Ford CEO Skeptical That BEVs Are the One and Only Future

Jim Farley mentioned that as long as Ford’s fleet business thrives, the V8 Mustang will be here to stay.

  • Jim Farley calls BEVs a “terrible solution” for certain applications.
  • He also suggested that hydrogen or sustainable fuels might be the answer.
  • Ford plans to keep producing the V8-powered Mustang for as long as they can.

Ford CEO Jim Farley Questions All-Electric Future

Ford CEO Jim Farley doubts that electric vehicles will be the sole option by 2035 and is considering other powertrain solutions.

Farley recently visited the UK for the 81st Goodwood Members’ Meeting, where he raced a classic Mustang 289 V8 in the Ken Miles Cup, celebrating the 60th anniversary of the iconic pony car.

During the event, he spoke with Autocar and was asked whether the ICE Mustang would still exist by 2035, the year many regions plan to go all-electric.

“Are you sure?” Farley replied. “I don’t think we know yet. If you need a Transit for work or you’re a rancher with a pickup in the US, electric power is a terrible solution. Even the most radical, decarbonizing politicians can’t afford to alienate these customers.”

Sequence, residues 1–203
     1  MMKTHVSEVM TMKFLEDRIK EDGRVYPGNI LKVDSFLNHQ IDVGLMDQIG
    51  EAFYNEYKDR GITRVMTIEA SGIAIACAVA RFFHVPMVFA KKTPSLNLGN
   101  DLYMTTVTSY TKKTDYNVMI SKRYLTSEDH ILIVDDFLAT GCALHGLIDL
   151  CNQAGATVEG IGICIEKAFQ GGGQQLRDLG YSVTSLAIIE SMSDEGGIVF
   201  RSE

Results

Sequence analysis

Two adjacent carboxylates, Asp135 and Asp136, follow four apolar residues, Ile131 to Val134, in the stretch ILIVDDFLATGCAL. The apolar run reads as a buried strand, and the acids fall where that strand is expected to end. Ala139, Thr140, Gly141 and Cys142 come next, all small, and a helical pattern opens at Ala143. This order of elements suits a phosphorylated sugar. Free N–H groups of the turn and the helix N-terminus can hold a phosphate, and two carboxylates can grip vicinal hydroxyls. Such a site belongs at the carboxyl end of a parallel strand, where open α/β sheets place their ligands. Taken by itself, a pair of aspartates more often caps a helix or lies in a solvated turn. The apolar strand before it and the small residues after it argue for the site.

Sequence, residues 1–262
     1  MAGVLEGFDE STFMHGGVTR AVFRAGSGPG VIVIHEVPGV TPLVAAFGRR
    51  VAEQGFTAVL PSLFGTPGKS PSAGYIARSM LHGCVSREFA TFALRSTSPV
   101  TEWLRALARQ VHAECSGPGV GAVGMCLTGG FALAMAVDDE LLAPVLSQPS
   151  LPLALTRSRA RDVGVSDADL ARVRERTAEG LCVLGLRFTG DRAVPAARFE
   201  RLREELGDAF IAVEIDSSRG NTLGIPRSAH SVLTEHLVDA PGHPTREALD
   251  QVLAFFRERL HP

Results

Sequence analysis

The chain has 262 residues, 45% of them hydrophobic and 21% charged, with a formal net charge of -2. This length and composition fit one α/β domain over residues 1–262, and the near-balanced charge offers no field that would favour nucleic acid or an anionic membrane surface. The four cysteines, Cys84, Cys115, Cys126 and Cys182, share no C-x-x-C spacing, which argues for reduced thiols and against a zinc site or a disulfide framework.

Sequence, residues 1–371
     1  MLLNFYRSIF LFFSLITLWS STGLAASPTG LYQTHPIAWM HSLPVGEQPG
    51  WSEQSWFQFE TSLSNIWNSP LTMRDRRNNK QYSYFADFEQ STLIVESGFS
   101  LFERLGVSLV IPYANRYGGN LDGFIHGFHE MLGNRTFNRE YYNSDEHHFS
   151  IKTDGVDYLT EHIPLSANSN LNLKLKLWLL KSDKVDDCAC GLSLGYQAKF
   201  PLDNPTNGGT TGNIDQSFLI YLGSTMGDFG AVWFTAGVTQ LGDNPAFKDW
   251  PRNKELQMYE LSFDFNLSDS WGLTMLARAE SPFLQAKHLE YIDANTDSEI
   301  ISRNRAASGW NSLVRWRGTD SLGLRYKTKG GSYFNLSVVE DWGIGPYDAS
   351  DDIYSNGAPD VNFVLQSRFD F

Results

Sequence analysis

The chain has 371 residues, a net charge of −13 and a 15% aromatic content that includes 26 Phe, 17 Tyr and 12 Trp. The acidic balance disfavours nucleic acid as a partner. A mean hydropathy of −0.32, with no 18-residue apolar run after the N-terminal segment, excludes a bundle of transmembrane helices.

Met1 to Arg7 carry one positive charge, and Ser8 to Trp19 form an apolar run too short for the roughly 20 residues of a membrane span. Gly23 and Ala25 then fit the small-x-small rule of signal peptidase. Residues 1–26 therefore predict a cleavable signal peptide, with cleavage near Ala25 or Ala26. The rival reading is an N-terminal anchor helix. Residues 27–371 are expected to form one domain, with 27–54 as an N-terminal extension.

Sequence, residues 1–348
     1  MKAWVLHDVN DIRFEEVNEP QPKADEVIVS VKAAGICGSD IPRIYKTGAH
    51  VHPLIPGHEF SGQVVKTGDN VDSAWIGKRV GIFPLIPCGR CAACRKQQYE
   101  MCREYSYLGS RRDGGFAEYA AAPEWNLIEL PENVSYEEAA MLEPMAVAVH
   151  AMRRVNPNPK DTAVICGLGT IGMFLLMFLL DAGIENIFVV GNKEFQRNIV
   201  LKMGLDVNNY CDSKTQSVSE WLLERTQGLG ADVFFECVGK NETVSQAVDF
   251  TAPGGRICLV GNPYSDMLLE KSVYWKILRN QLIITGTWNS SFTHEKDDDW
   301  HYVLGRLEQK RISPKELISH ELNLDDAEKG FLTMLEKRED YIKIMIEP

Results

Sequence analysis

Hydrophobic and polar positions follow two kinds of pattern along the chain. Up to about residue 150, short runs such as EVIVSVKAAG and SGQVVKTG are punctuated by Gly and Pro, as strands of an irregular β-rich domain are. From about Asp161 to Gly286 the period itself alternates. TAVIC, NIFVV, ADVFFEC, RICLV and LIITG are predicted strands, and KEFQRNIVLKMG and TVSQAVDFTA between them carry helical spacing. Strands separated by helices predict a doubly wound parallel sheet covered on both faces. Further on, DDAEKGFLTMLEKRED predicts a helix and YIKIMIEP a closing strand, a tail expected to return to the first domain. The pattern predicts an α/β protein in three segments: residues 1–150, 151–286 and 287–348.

“Maybe the solution will be hydrogen, or perhaps sustainable fuels will gain traction. Whenever someone claims to know the future, I hear warning bells. Nothing is certain in our industry.

I’ve heard countless predictions: every car will be electric, every car will run on hydrogen, every car will be diesel. There have been many dead ends.”

Ford Pledges to Keep V8 Mustang Alive

Unlike Dodge, which has transformed the latest-generation Charger into a muscle car with a battery-electric powertrain, Farley insists that Ford will never produce “a Mustang that’s not a Mustang.” This means the Mustang Mach-E will not replace or eliminate the ICE model.

He emphasized that Ford will keep the V8 Mustang in its lineup for as long as possible and believes that a strong fleet business will enable the company to continue offering special cars like it.

In his interview with Autocar, Farley also mentioned that the costly Mustang GTD represents a “down payment” on the Mustang’s future and that Ford will keep selling desirable cars that remain attainable.


  • Ian Sawyer

    Growing up with a father who was a mechanic I had an appreciation for cars and motorcycles from an early age. I shared my first bike with my brother that had little more than a 40cc engine but it opened up a world of excitement for me, I was hooked. As I grew older I progressed onto bigger bikes and...